Razer Tomahawk uses Intel Ghost Canyon NUCs for PC Gaming

Intel Ghost Canyon NUCs being teased at CES2020… and the Razer Tomahawk N1

2020 should be the year when we’ll see a wider range of mainstream and high-performance mini PCs and NUCs (Next Unit of Computing). It is indicated that AMD will step into this market. Intel is replacing its Hades Canyon for Ghost Canyon NUC 9. Make PC desktops greater than RGB rainbow-puke.

The Razer Tomahawk N1 is an example of the NUC 9. The upcoming Intel Hades Canyon has its upper-end variants as an SFF PC rather than a NUC in the traditional 4X4 format. Intel Ghost Canyon has a flagship unlocked Core-i9 NUCs and discrete GPU support, providing high-performance desktop gaming pc-like function in a very small factor. It also incorporated ‘Compute Element’ cartridges which has a PC’s components in a swappable module, ranging between CPU, GPU, Memory up to 64 GB, storage and other hardware.

Because of its use case and modularity design, these will be a much larger unit than a traditional NUC, but still smaller than a mini-ITX PC. Razer Tomahawk N1 is an example of Intel Ghost Canyon NUC. The gaming company showed off this unit at CES 2020 with an Intel Core-i9 CPU and GeForce RTX 2080 graphics card.

Razer Tomahawk N1 Specs

About the Tomahawk N1…

The casing is no different than an external GPU box but with two PCIe x16 slots. This is based on an all-aluminium chassis with tempered glass to show off the graphics card that’s vertically mounted. The N1 does have tool-free modular access where you can quick release the components. These are aimed at gamers, streamers and content creators (just like we’d expect).

Razer advertises Tomahawk as a gaming desktop and chassis. The NUC 9 modules are universally compatible with the evolved eGPU cases. These would house two PCIe slot modules that clip on the PCIe board. The mainboard and the GPU are slotted like a daughterboard-style installation. We might see a series of internal and external components just like traditional desktop components. The difference is, this reduces the traditional desktop system component count from six to either three or four- the mainboard module which has the CPU with built-in cooler, RAMs and SSD, a desktop-grade discrete GPU and a chassis with a built-in power supply. Naturally, NUC 9 version sellers would most just have a pre-built unit.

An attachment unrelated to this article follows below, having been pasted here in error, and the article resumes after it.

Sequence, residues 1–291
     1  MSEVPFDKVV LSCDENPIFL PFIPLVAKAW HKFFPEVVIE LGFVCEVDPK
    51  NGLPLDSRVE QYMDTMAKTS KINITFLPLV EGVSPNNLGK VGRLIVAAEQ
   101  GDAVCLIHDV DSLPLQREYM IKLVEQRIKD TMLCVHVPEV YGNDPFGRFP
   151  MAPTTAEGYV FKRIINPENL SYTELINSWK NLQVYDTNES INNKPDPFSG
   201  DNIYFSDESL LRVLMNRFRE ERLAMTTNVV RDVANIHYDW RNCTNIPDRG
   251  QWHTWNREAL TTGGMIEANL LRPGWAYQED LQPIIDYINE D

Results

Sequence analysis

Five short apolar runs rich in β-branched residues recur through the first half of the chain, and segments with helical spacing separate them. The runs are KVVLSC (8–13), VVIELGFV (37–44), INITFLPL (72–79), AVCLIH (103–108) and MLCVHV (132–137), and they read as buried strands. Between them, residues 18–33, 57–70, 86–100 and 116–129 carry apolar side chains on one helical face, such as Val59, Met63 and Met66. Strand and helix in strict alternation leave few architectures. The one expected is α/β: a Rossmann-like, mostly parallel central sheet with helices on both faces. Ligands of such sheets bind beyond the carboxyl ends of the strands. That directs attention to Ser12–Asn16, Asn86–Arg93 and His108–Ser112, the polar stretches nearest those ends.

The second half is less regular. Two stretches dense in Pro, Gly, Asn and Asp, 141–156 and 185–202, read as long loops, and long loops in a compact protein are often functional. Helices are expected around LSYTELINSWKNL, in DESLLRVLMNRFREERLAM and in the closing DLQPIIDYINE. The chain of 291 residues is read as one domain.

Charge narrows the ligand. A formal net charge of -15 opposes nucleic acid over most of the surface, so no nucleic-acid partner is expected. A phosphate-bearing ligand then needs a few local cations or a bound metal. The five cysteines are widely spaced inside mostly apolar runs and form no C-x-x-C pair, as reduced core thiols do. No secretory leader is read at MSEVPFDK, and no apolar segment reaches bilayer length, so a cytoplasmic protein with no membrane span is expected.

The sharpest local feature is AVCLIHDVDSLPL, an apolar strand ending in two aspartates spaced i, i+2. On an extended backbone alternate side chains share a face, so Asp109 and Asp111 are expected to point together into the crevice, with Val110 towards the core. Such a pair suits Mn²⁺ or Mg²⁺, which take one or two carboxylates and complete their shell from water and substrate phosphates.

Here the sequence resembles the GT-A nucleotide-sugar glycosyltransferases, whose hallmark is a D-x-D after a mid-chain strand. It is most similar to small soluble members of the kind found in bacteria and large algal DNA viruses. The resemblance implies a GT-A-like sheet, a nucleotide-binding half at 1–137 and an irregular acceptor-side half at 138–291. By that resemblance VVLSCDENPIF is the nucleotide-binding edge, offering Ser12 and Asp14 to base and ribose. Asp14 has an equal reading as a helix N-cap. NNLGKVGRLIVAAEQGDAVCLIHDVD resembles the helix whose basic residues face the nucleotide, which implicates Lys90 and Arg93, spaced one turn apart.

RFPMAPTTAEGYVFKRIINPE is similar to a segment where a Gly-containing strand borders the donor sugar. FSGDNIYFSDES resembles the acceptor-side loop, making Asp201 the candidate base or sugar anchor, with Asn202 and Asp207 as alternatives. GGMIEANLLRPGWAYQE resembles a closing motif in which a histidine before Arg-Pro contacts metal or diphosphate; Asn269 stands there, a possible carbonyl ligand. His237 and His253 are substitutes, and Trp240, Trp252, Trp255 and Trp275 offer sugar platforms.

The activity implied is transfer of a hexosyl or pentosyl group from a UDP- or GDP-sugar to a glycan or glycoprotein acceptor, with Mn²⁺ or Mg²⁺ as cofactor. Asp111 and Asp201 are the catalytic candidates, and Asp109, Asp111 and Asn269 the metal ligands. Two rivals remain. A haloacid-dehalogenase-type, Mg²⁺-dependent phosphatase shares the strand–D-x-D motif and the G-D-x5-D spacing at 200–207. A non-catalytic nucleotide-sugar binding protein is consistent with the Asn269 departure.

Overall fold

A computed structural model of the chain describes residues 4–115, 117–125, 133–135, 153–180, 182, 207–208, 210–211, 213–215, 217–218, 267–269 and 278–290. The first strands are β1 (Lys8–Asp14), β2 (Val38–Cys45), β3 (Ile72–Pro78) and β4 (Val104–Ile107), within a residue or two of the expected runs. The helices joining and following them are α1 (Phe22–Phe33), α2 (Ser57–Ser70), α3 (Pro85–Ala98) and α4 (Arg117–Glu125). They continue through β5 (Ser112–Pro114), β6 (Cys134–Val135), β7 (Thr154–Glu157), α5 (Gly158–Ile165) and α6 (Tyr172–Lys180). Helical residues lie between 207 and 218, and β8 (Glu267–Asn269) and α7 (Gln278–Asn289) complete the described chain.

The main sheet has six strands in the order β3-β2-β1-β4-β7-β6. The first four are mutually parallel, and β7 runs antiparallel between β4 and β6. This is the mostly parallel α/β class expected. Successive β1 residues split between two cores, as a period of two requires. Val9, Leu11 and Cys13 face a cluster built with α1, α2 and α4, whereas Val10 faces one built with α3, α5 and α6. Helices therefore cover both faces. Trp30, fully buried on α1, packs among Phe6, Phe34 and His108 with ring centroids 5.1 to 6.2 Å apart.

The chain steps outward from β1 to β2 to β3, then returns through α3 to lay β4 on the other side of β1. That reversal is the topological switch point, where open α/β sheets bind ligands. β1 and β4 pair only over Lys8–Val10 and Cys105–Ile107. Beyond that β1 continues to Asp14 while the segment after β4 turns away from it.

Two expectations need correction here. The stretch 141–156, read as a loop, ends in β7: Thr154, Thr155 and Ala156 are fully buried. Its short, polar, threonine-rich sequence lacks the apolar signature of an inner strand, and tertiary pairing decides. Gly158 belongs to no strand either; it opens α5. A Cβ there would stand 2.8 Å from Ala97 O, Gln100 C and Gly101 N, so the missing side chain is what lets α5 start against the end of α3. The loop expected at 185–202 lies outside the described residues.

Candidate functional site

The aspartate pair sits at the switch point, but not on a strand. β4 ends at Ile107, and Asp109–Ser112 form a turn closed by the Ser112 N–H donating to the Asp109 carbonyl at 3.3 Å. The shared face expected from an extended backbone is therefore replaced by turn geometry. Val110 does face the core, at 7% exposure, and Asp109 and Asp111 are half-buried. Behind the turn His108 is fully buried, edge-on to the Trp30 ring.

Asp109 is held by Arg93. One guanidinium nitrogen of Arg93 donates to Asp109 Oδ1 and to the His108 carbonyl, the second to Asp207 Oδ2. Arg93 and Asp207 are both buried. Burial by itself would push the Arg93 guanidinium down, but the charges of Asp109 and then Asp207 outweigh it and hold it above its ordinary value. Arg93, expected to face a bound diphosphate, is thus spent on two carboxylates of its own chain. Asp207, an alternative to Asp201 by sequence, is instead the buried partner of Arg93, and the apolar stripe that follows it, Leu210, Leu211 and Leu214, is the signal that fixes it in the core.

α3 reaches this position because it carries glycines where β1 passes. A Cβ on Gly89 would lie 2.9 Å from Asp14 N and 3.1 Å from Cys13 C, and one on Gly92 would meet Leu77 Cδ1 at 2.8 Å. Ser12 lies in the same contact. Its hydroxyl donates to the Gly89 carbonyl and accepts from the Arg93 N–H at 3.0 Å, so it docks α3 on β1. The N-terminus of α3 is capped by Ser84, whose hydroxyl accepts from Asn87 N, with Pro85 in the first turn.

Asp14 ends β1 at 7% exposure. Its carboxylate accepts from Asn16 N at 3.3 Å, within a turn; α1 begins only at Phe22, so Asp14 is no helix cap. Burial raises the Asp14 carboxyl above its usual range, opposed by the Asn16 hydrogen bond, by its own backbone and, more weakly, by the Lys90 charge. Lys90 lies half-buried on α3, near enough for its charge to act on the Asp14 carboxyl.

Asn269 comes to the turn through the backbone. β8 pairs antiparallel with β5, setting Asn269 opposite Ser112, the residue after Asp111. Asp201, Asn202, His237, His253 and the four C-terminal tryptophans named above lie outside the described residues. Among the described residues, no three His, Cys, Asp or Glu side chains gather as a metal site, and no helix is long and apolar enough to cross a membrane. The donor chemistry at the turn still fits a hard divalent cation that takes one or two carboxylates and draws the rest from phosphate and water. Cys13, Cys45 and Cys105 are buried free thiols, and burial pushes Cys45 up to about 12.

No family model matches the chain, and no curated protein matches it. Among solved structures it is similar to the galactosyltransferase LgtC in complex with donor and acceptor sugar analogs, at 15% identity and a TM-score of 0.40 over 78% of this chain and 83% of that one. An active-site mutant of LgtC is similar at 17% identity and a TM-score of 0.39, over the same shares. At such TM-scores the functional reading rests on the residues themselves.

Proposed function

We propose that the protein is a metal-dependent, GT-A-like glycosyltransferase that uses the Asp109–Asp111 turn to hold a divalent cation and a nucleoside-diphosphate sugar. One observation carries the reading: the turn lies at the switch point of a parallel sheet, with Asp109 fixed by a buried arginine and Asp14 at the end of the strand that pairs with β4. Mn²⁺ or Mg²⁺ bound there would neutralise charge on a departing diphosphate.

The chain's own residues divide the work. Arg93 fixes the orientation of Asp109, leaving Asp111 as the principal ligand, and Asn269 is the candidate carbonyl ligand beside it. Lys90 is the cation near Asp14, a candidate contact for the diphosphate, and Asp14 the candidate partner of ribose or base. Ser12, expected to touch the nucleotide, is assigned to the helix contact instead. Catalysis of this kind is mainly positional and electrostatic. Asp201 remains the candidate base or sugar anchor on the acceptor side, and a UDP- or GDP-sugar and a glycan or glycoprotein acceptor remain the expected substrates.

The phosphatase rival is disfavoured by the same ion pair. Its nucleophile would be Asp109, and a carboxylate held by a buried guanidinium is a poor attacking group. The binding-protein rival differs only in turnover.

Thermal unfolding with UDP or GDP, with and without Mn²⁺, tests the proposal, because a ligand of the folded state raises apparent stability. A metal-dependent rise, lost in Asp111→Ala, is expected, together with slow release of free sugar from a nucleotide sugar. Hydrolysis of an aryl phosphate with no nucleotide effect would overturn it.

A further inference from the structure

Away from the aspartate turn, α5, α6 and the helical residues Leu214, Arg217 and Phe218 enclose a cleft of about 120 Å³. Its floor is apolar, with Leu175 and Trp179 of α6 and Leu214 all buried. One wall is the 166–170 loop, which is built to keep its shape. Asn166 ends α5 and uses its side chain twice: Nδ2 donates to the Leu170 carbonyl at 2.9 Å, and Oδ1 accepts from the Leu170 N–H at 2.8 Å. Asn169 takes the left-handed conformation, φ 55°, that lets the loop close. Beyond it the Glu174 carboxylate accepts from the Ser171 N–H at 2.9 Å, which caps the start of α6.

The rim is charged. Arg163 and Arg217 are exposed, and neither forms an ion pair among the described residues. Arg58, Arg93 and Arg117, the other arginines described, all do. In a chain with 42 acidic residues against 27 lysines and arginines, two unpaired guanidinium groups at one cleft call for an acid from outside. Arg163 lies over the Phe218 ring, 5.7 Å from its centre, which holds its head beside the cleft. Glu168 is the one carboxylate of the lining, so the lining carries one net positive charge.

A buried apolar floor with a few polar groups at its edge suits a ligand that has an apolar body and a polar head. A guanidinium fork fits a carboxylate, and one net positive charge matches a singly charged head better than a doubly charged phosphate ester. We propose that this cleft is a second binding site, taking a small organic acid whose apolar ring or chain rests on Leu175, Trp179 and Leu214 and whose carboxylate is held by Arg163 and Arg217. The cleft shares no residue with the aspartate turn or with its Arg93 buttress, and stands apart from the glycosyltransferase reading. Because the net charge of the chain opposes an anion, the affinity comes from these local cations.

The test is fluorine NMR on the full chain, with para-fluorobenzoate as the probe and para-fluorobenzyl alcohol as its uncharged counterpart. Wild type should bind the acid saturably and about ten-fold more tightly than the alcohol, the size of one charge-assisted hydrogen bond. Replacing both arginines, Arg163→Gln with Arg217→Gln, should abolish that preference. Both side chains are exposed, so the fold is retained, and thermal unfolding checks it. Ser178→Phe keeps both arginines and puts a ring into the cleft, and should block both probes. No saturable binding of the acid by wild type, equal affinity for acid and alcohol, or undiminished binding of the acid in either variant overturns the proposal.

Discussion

NUC 9’s modular design

The mainboard with the CPU, RAM and SSD acts as a daughterboard which is installed on the Tomahawk’s PCIe slot. You then install the graphics card on the second PCIe slot and connect the PCIe power connectors on the graphics card. This is an SFX power supply. Needless to say, this is a combination of Intel’s updated ATX specifications and standards It is a safe assuming since Intel sets the ATX standards- including power supplies, The CPUs are most likely soldered, but gives you the access to upgrade RAMs and storage. Looks like Intel did fulfil its desire to have BGA/ pre-soldered mainstream CPUs but with a different spin. The decision to do so back in 2013 was pulled back after the DIY enthusiast community backlash. This is a more acceptable implementation

Potential release dates

There would be two variants of the pre-built units. But the N1 will be available in the first half of 2020. Hence, the Intel NUC 9 variants from other manufacturers would be almost ready. Of course, the modularity and the branding would carry its own set of premium pricing. We will just have to see what the near-future has to show off.

Razer Tomahawk uses Intel Ghost Canyon NUCs for PC Gaming from HardwareBBQ

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